So here's where things started getting really cool, really hairy, and really nerve-wracking.
My UPS packet to Jane Dystel was delivered to her office on Friday, August 16. On Monday, August 19, I received an email from Jane, asking for the entire manuscript. Via return email, not via snail mail. And me, being so cool, said, um, yeah, sure, uh, yipppeeeeeeee!!!! No, seriously, I wrote back, 'Thank you so much...' and, anal as I am, asked if docx was okay.
Formatting and technology. I'm such a nerd.
Three days later, she asked for an exclusive.
I wasn't sure what that meant in the agent world, but it sounded damn promising. Normally, I'd research the term 'exclusive' to death. But I was en route to the vet's office, my daughter needed a ride, and I was checking emails on my iPhone. I fired back an email to say I'd queried other agents and hadn't heard anything yet, which was totally true.
Jane then asked for a two-week exclusive, to which I immediately agreed. I mean, what am I, crazy? Hell if I knew exactly what I was agreeing to, but we're talking about a request from Jane Dystel, for crying out loud!! If she'd asked me to jump off a bridge (okay, what mom hasn't used that line on her kids?), I probably would've done that, too. I also agreed to contact all the other agents, to advise them of her exclusive.
Little did I know, until I got back home that night and fired out the promised emails to the other agents, what an 'exclusive' meant (no, I still hadn't researched it -- very unlike me, but sheesh, I was so excited!). I received auto-responses from the vacationing and otherwise-occupied other agents, of course.
I also received three very stern responses from agents, two of whom hadn't even gotten back to me at all over the preceding ten days. Those responses essentially lectured me that (1) I couldn't grant an exclusive when I'd already submitted partial or full manuscripts to other agents; (2) an exclusive inures solely to the benefit of the agent, who is locking out the other agents' ability to compete for the book; and (3) any agent requesting an exclusive is worried about competition, because they aren't A-List agents who can compete without exclusives.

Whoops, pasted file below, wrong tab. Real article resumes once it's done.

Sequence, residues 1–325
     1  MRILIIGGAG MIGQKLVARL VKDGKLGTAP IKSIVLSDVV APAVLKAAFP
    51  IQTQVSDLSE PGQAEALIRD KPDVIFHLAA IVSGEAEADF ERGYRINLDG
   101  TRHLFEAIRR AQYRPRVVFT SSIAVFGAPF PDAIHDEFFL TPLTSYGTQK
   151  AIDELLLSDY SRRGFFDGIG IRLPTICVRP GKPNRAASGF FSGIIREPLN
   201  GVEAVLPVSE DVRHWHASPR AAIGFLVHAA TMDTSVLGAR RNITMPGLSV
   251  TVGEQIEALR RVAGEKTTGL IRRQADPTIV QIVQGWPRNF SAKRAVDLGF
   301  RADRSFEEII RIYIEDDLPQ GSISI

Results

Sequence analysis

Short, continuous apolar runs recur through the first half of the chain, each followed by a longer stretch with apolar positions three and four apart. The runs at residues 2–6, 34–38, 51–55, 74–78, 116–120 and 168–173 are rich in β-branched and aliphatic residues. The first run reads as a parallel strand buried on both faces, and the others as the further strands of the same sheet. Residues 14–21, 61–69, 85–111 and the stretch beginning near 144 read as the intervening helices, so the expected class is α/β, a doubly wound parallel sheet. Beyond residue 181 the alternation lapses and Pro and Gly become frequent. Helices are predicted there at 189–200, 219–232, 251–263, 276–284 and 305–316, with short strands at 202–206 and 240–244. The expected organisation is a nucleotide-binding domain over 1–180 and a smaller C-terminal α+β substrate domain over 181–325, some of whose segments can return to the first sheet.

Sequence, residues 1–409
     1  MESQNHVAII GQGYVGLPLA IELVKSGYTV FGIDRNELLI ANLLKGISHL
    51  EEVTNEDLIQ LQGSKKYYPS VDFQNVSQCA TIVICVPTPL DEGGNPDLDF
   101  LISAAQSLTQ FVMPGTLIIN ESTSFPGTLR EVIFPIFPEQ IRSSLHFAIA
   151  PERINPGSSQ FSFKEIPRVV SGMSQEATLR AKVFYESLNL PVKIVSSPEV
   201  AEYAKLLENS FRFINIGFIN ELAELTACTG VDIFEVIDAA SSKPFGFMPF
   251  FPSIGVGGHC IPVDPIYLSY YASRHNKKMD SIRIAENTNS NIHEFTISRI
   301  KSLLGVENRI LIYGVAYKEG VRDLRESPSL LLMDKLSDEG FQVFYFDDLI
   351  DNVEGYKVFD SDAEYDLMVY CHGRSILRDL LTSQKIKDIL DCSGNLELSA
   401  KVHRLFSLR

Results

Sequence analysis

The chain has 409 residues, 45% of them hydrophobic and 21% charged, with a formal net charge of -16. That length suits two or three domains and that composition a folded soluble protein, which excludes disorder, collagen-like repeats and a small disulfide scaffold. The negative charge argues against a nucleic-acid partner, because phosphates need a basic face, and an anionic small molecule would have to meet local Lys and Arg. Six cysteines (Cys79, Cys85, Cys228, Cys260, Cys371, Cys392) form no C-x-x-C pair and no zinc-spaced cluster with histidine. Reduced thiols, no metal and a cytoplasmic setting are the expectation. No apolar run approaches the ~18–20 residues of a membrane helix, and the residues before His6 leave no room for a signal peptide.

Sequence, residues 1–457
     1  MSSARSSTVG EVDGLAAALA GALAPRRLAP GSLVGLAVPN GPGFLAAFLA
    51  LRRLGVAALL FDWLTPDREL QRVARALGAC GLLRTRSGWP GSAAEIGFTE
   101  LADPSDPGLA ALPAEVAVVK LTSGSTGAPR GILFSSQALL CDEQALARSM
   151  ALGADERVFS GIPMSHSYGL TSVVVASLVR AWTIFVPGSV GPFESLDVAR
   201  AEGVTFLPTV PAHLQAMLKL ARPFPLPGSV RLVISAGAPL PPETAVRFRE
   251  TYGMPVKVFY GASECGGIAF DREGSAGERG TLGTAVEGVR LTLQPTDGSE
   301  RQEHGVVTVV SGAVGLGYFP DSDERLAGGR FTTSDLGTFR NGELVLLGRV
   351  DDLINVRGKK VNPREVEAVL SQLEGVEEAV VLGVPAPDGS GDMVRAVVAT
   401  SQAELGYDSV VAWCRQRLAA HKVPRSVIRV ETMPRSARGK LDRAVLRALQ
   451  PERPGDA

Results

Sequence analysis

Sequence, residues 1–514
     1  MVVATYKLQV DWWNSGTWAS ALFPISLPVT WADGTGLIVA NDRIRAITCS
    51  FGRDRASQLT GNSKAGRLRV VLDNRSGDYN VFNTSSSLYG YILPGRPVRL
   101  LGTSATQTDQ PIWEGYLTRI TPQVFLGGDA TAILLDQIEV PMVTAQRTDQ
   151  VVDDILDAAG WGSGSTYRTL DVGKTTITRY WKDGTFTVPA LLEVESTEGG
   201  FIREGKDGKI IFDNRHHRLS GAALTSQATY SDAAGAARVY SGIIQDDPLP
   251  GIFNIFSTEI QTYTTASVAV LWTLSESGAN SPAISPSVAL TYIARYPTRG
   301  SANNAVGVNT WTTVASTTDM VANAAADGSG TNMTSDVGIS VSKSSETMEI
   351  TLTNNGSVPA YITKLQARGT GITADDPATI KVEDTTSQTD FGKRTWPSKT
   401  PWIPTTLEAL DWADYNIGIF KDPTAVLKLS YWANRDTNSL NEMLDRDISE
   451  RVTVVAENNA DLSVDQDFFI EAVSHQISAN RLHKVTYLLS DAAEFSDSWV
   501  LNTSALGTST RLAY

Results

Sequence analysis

That's when I scrambled to research what an agency exclusive meant. And I found out that, yes, I had screwed up because other agents had, in fact, received my manuscript (reason #1 above). I had therefore committed a big faux pas. But the two-week period, which ran basically through Labor Day, could hardly matter to the vacationers and non-responders, so if it inured to the benefit of Jane Dystel, who'd moved so quickly on my book? Well, more power to her. She SHOULD have an exclusive. And Jane Dystel is on the tippy top of the A-List. So ## 2 and 3 were, as I used to say in my briefs, utterly inapposite.
I clarified to Jane that I'd submitted fulls or partials of the manuscript to other agents whom I'd met at conferences, but that no one had gotten back to me on them yet. I didn't bother telling her that all I'd gotten the far was a lot of grief for granting the exclusive. Certainly no one had told me they had started reading anything I'd sent -- not even the synopsis! So why was I feeling so defensive and worried?
I've since read on many other sites that granting an an exclusive under these circumstances is a bonehead move. And -- something that had occurred to me -- if the exclusive agent rejects the book, everyone else will know about the 'no.' But you know what? NONE of the blogs or posts or comments I've read on the subject has said that the agent asking for a brief, two-week, exclusive, was the amazing Jane Dystel.
And, given that it was Jane, well. I'd do it all over again.
Between August 23 and August 27, all I knew was that Jane had been reading the book. It was a hell of a longgggg weekend. I checked email incessantly. Nothing. I went back and forth with the other three agents, apologizing for my breach of etiquette, wondering if they'd still read 'Client Relations' once Jane nixed it.
On August 27, Jane sent me an offer of representation.